Sommers, Benjamin D., and Donald Oellerich. 2013. “The Poverty-Reducing Effect of Medicaid.” Journal of Health Economics 32 (5) (September): 816–832. doi:10.1016/j.jhealeco.2013.06.005.
Medicaid provides health insurance for 54 million Americans. Using the Census Bureau's Supplemental Poverty Measure (which subtracts out-of-pocket medical expenses from family resources), we estimated the impact of eliminating Medicaid. In our counterfactual, Medicaid beneficiaries would become uninsured or gain other insurance. Counterfactual medical expenditures were drawn stochastically from propensity-score-matched individuals without Medicaid. While this method captures the importance of risk protection, it likely underestimates Medicaid's impact due to unobserved differences between Medicaid and non-Medicaid individuals. Nonetheless, we find that Medicaid reduces out-of-pocket medical spending from $871 to $376 per beneficiary, and decreases poverty rates by 1.0% among children, 2.2% among disabled adults, and 0.7% among elderly individuals. When factoring in institutionalized populations, an additional 500,000 people were kept out of poverty. Overall, Medicaid kept at least 2.6 million—and as many as 3.4 million—out of poverty in 2010, making it the U.S.’s third largest anti-poverty program.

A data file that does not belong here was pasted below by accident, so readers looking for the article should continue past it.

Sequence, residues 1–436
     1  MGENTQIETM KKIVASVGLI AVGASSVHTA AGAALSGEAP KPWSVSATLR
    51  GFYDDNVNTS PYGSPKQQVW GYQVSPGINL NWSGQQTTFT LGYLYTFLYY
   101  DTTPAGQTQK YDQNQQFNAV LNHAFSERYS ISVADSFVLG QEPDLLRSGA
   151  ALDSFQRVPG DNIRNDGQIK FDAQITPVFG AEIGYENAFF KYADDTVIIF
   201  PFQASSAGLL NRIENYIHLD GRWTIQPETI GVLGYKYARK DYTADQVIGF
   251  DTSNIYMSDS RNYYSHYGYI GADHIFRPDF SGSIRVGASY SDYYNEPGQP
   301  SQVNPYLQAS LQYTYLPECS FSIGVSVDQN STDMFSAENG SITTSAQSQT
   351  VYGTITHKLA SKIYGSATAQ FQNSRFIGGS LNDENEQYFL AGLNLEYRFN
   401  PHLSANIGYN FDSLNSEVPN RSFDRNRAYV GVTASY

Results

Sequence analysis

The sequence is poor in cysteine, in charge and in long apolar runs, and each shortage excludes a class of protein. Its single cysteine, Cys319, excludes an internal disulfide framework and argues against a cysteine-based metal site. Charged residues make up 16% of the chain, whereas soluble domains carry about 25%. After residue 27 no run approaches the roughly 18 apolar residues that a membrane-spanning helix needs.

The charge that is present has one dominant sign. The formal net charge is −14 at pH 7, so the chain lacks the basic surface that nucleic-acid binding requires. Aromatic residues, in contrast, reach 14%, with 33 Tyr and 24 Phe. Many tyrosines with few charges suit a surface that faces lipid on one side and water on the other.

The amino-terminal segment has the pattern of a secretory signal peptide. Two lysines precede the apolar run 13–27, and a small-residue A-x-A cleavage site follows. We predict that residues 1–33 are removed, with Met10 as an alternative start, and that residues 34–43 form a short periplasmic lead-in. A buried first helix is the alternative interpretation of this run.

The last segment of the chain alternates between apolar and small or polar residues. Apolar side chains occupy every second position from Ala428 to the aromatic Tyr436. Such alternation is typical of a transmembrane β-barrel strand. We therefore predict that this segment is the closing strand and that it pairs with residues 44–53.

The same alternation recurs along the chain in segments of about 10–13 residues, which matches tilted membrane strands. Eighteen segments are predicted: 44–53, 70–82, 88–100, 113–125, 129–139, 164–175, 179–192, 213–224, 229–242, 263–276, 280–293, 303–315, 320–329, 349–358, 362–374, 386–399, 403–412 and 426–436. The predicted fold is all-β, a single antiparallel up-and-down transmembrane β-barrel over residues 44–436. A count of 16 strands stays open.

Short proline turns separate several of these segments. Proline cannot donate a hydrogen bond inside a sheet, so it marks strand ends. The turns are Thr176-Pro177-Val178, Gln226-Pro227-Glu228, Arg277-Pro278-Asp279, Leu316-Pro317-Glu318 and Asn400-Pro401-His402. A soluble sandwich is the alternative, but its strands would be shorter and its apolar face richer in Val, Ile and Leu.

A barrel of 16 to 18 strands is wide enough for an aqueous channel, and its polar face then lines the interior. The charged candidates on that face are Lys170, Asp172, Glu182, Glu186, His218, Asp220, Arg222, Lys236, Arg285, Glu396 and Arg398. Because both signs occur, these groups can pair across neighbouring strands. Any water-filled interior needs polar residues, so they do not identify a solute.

A published version is available in DASH here: http://dash.harvard.edu/bitstream/item/26214/Poverty-Reducing-Effect-of-Medicaid.pdf?sequence=1. The version on this submission is the accepted manuscript.